In this game, there are no do-overs, no hard barriers that can be wished past and no hope that something will fudge us out of this.  This is real ... but it is immaterial that this is real.  The only material thing that matters is do you want, and are you capable of, living long enough to be found?

I don't want to get into that aspect.  I want to emphasize that game play, no matter what the game, is always up to us.  This is true whether we're on a desert island or if we're playing Pacman.  Our approach to the rules of the game defines the quality, the level of fun we have, the passion we feel or the innovative behaviour we apply.  If we are not fun people, every game will effectively suck and we will make other people feel that.  If we aren't capable of passion, we will bury everything in a wet blanket.  If we are unable or unwilling to be innovative, we will resist expectations to do so.  If we're the wrong person to be left on a desert island, we will die.  Some, pretty quickly.

It is ridiculous to blame the rules for an attitude problem that affects the way we play.  If you have a player who hasn't got a girlfriend, has trouble making a shower work, grunts at moments that call for empathy, constantly leaves the seat of your toilet up, no matter how many times you tell him not to, never cleans up his garbage, works a job you wouldn't take if it paid double the income you're earning now and so on, don't be surprised that this same person chafes at the rules, hates any moment that turns serious, derails the game, kills NPCs randomly, has to be told the purpose of the quest every session and uses every opportunity to steal from or kill other player characters.  This person is losing at the BIG GAME, the life on a desert island game.  Your game world is just the corner of the player's particular desert island being used as a convenient gong pit.  You should not redesign the rules of your game world, make concessions, fudge the dice, give extra treasure or retcon events in order to make this person "happy."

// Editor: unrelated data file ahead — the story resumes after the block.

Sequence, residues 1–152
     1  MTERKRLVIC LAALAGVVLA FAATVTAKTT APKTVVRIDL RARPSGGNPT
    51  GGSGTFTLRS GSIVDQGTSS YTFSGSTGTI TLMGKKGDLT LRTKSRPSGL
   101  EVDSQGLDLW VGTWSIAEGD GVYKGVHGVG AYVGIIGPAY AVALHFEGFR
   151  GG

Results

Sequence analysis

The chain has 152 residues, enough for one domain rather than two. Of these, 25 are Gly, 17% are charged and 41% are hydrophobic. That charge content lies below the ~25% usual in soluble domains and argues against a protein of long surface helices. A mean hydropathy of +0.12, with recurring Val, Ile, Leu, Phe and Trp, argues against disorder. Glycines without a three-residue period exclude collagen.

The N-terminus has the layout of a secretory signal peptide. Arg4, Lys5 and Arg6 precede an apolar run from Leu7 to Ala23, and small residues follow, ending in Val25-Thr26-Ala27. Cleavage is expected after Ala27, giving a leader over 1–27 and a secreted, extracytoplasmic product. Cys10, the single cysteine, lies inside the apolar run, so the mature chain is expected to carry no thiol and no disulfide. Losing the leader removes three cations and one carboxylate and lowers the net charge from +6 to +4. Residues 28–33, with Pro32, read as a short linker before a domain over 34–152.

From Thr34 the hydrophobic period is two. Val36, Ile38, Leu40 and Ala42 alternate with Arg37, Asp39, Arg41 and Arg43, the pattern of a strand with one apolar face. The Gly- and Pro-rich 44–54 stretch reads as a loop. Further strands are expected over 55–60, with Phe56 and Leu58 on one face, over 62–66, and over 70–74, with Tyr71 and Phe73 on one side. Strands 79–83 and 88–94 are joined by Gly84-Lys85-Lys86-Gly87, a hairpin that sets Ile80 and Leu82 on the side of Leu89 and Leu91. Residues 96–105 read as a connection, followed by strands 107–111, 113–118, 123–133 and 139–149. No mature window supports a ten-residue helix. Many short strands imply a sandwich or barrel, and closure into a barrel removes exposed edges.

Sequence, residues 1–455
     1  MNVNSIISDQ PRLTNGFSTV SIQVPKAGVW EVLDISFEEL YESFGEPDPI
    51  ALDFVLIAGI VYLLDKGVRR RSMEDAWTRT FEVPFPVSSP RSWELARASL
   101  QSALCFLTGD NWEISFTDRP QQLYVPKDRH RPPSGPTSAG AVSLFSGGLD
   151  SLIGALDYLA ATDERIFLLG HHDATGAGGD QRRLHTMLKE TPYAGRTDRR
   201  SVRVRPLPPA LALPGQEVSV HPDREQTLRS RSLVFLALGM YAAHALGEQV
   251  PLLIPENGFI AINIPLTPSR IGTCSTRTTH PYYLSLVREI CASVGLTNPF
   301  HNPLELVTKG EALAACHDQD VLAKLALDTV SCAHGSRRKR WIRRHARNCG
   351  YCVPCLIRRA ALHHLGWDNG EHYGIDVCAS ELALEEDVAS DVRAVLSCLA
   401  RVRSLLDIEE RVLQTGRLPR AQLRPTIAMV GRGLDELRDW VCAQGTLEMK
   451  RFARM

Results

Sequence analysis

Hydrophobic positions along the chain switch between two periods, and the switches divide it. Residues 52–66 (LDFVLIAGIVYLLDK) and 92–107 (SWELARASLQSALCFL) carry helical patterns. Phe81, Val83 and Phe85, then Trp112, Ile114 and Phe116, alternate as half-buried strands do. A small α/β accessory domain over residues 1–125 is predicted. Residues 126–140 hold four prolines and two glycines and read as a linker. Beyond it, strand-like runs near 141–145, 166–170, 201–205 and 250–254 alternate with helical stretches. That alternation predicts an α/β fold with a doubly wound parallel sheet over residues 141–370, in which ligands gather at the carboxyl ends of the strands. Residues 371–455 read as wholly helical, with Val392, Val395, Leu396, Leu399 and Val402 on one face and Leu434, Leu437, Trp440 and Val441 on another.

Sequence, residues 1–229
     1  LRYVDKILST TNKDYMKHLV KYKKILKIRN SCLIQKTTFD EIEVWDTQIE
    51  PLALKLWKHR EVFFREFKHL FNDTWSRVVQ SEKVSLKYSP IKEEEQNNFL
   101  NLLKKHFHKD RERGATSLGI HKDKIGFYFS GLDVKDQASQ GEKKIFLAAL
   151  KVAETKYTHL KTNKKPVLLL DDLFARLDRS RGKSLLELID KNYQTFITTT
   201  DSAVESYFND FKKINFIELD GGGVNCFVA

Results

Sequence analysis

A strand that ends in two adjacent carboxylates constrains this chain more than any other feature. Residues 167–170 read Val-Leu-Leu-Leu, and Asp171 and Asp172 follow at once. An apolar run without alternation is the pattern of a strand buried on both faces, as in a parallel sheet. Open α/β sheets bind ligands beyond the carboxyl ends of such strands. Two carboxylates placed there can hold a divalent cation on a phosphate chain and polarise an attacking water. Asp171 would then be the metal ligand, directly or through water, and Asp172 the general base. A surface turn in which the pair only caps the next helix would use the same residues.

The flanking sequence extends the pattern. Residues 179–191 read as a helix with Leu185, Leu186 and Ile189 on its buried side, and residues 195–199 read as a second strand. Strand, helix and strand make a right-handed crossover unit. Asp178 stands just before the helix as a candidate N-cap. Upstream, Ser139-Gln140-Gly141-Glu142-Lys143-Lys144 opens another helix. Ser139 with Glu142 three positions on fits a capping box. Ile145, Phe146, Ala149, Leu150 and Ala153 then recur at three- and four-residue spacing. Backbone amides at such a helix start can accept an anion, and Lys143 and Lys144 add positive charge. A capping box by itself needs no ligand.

Though arguably, you're doing it because this is the level of friend that YOU have, and perhaps need, because this is the last apple in the bottom of your barrel.  And what does that say about you?

Let's come back to the quote at the top of the post.

Most of us have played more hours of video games than we have played D&D.  If you're on the Steam platform, you are regularly and uncomfortably reminded how much time this really is.  When you play a computer game, knowing you won't be able to change the rules, and that you don't even have to know the rules, you train yourself to reflexively resist the concept of having to actual learn and memorize rules for a non-video game, particularly if the rules are as extensive as they are in D&D.

Moreover, you've trained yourself to regard any resistance in a game that you can push or press against as a fair way to manage your game experience.  Your "innovation" in a video game consists of testing absolutely everything, until you come to that sweet spot that Ian Danskin mentioned in the video I embedded on my last post.

The desert island will do all sorts of things to kill us.  But it won't stop us from doing something we can find a way of doing, because the island isn't sentient.  It is nature, but it is no more than nature.

The computer game is built in such a way that you can find elements of the system that will let you squeeze out some sort of action that gives you more power than the designer's intended.